It would be interesting to know if anyone on Capitol Hill ever takes time out from being seduced by lobbyists to wonder about what Americans think of their elected representatives. Congress has the lowest approval rating ever in public opinion polls and only one American in ten is gullible enough to think they are doing an adequate job. If Congress were a company, it would have gone out of business long ago.
The skepticism reflected in the public’s attitude is due in part to the partisan politics that has become the driving force in Washington. The national interest is routinely sacrificed for political gain and even economic recovery can be put on hold if it increases the chances for changing the occupant of the White House.
Another reason for the low esteem of Congress is that much of what takes place there falls somewhere between farce and theater of the absurd. Take for instance congressional hearings. One might think that they would be an opportunity to elicit unbiased information, call attention to problems and explore options for dealing with those problems.
That would of course be a logical conclusion if the institution in question were not so dysfunctional. Remember when they had a panel to consider women’s health issues comprised entirely of men?
Well a hearing coming up before the House Foreign Affairs Committee is not much better. It will deal with the subject of “Safeguarding Israel’s Security in a Volatile Region.” The witnesses to be heard are listed as the Honorable Elliot Abrams of the Council on Foreign Relations, Mr. James Phillips of the Heritage Foundation and the Honorable Martin S. Indyk of the Brookings Institution.
One might wonder what information could be elicited from a man who faced being charged with two felony counts of lying to Congress. The "honorable" Mr. Abrams, in order to avoid a trial and the risk of a stiffer sentence, copped a plea and admitted his guilt to two misdemeanors. This was back when Oliver North and other distinguished public servants like Mr. Abrams thought it was a swell idea to sell arms to Iran and use the proceeds to bankroll the Contras. One of the many government positions held by Mr. Abrams was Assistant Secretary of State for Human Rights during the Reagan administration where he devoted himself to denying the human rights abuses occurring in Central America that were frequent committed by his friends the Contras.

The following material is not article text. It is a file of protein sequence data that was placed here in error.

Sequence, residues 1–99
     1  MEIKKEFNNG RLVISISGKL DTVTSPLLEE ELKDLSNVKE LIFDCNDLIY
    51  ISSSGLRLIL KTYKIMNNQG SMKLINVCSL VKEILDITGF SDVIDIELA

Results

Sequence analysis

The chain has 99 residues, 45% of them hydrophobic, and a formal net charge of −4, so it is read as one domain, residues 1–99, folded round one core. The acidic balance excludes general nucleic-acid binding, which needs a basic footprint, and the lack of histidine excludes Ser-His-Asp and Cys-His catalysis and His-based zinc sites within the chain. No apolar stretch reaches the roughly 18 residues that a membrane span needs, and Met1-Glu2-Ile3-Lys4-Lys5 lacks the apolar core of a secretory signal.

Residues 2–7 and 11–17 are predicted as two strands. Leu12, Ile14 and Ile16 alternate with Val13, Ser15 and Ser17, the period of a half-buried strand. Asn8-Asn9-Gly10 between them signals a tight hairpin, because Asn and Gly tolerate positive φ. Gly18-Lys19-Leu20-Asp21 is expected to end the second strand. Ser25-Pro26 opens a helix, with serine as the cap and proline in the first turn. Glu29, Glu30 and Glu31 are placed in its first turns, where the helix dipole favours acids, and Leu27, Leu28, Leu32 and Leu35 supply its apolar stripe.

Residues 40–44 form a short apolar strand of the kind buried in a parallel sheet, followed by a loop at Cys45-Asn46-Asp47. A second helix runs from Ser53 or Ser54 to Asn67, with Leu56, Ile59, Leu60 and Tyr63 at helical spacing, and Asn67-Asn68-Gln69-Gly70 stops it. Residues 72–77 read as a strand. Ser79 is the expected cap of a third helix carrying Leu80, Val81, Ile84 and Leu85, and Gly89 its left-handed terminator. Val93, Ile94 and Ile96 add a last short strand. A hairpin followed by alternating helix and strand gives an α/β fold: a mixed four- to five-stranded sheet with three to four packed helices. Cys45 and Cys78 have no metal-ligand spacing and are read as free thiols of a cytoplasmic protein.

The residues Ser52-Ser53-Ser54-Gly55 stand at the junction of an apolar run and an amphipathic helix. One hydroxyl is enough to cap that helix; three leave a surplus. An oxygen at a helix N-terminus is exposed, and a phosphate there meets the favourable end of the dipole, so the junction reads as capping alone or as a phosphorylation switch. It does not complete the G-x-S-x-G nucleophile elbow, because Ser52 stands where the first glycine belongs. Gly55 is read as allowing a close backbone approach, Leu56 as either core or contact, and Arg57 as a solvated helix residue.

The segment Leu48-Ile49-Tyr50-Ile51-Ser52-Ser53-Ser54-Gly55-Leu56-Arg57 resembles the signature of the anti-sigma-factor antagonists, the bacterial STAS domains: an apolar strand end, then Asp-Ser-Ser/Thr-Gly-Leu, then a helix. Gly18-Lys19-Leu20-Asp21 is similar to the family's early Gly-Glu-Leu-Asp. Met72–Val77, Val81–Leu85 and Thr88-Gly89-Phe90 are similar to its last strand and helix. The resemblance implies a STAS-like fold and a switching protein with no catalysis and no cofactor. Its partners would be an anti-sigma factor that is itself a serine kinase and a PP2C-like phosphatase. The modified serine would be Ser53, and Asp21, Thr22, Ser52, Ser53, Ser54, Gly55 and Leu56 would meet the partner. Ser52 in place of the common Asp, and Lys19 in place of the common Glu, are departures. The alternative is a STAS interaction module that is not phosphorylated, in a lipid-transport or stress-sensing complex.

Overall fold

The second witness, Mr. Phillips, has no apparent criminal record, but he does belong to the Committee on the Present Danger. It was started during the Cold War, but when that conflict was won the group remade their anti-Communism into Islamo-paranoia. And they have yet to find a war they did not want to fight. Or to put it more accurately, a war where they were not ready to fight to the last drop of someone else's blood since almost none of them ever found time in their busy careers to serve their country in uniform.
The Honorable Mr. Indyk was appointed American ambassador to Israel by President Clinton a few short weeks after he shed his Australian citizenship. He got his start in Middle Eastern affairs working for AIPAC, the American Israel Public Affairs Committee, which is one of the most effective and hawkish lobbies in Washington. Among the three, if there is any hope for a rational and reasonable discussion of Israel's security, it lies with Ambassador Indyk.
So the hearing will be held and those pushing to drag the United States into a war with Iran, who are the same people who helped produce the war with Iraq, will have their day. Meanwhile studies like the one put out recently by a bipartisan (yes that is possible as long as there are no politicians) group of eminent foreign policy and military affairs authorities will get ignored by the House Committee. The study concludes that the chances for an attack on Iran mushrooming into a regional war are much better than the chance that it might be a military success in any sense of the word.
But why should that concern the shining city on the Hill where reality is as rare as integrity.
ABOUT THE WRITER
Dennis Jett, a former U.S. ambassador to Mozambique and Peru, is a professor of international affairs at Penn State's School of International Affairs.
McClatchy Newspapers did not subsidize the writing of this column; the opinions are those of the writer and do not necessarily represent the views of McClatchy Newspapers or its editors.